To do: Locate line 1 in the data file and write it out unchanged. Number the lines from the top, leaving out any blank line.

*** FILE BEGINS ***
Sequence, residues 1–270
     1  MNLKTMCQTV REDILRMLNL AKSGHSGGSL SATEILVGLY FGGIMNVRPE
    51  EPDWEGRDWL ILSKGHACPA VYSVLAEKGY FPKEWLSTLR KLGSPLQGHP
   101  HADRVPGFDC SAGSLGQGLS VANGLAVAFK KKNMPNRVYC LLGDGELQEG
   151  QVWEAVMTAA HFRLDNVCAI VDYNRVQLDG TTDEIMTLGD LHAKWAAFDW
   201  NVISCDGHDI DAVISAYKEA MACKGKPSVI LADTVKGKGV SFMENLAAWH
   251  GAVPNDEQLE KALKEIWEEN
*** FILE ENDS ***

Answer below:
Sequence, residues 1–270